Advanced Operating Systems – Spring 2008
Performance is a key criterion in the design, procurement, and use of computer systems. The goal of computer system engineers, scientists, analysts, and users is to get the highest performance for a given cost. This course introduces a basic knowledge of performance evaluation terminology and techniques. This course deals with the scientific methods applied to computing, workload characterization, forecasting of performance and quality metrics of systems, uses of analytic and simulation models, design of experiments, interpretation and presentation of experimental results, probability theory, queueing theory and operational laws.
Text Book :
- “The Art of Computer Systems Performance Analysis,” Raj Jain, John Wiley, 1991
- Exam (60%), Presentation (20%), Attendance & Attitude (20%)
Week 1 : Introduction
Week 4 : Exam 1 (Chapter 1~6),
Week 5: Monitors (Chapter 7, 8)
Week 9 : Exam 2 (Chapter 7~12)
Week 10 : Queueing theory (Chapter 30, 31)
Week 11 : Queueing theory (Chapter 30, 31)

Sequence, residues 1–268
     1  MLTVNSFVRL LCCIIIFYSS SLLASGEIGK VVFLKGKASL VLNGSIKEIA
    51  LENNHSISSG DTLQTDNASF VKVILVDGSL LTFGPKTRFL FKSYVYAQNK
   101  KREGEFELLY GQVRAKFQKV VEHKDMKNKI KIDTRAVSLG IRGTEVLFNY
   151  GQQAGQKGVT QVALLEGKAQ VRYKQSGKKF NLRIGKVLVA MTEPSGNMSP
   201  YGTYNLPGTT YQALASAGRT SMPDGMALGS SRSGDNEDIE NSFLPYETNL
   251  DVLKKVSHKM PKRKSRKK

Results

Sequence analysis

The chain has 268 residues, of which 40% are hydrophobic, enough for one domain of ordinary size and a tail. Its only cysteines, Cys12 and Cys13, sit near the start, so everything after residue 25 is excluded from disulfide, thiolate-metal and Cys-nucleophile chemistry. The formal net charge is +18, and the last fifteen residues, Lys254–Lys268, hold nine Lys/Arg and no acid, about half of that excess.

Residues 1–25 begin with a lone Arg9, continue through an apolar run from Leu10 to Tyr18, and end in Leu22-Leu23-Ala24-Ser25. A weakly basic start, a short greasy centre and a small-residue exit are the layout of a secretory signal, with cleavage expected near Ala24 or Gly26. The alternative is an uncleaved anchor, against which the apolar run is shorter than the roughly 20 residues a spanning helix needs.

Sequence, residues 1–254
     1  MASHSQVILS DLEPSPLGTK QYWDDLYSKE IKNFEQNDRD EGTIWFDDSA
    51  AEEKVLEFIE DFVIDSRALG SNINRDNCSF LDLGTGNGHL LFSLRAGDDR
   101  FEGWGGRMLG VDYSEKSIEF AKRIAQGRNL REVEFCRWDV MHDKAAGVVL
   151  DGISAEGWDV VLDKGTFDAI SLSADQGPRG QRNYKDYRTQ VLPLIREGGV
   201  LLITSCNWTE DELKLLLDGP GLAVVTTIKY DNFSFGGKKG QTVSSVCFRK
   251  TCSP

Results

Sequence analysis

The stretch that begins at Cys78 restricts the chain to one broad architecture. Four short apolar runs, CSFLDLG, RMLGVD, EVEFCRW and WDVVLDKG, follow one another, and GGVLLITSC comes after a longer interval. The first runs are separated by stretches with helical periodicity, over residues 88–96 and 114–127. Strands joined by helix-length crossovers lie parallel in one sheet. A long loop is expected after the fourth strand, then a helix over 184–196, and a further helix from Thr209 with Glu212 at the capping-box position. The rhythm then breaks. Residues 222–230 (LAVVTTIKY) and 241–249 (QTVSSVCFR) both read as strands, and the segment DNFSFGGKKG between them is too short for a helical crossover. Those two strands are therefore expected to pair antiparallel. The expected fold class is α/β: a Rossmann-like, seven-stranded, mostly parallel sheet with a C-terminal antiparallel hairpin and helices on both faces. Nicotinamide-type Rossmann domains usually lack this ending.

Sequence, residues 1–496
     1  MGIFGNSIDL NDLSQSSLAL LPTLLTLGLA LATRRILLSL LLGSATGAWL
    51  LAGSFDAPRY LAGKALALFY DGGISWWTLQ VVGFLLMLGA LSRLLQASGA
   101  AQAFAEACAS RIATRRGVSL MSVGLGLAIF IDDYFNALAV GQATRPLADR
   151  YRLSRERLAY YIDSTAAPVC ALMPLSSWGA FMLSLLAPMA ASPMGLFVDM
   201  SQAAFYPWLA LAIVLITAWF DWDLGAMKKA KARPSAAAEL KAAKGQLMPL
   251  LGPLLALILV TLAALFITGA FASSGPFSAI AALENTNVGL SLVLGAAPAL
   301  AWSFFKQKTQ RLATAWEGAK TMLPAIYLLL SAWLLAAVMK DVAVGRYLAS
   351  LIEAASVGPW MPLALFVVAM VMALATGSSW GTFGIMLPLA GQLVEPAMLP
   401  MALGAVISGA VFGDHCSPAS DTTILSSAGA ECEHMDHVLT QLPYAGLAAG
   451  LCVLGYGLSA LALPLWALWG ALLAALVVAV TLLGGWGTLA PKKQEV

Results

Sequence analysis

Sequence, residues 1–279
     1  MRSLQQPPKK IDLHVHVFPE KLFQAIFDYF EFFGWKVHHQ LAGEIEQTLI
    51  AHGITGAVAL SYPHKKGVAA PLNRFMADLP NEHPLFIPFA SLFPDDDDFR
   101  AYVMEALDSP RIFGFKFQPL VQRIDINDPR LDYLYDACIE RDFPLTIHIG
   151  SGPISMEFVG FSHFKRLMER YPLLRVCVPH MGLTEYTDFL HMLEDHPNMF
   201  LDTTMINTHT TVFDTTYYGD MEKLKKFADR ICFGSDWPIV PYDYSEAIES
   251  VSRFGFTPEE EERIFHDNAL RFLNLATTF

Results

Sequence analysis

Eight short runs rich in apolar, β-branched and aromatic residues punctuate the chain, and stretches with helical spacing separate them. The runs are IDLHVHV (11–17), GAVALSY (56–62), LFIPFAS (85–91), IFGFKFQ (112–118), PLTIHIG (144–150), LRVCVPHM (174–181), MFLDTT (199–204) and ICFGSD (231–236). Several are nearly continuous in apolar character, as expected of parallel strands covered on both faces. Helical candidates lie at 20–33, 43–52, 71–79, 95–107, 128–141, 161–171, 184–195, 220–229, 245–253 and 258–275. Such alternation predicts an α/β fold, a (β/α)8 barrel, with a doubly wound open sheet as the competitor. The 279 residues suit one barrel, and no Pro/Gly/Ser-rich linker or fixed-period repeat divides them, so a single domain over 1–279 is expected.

Week 12 : Queueing theory (Chapter 30, 31)
Week 13 : Paper Presentation
Week 14 : Operational laws (Chapter 33)
Week 15 : Review
Week 16 : Final exam (Selected chapters from chapter 1~33)
Paper list for presentation (tentative) :
l “Trace Based Analysis of File System Effects on Disk I/O,” S. Narayan, et al
l “An Introduction to Disk Drive Modeling,” C. Ruemmler and J. Wilkes, IEEE Computer 27/3, 1994.
l “The measured Performance of Personal Computer Operating Systems,” In Proceedings of the 1996 USENIX Conference, 1996.
l “Tracefs: A File System to Trace Them All,” In Proceedings of the USENIX Conference on FAST(File And Storage Technology), March 2004.
l “Accurate and Efficient Replaying of File System Traces,” In Proceedings of the USENIX Conference on FAST, December 2005.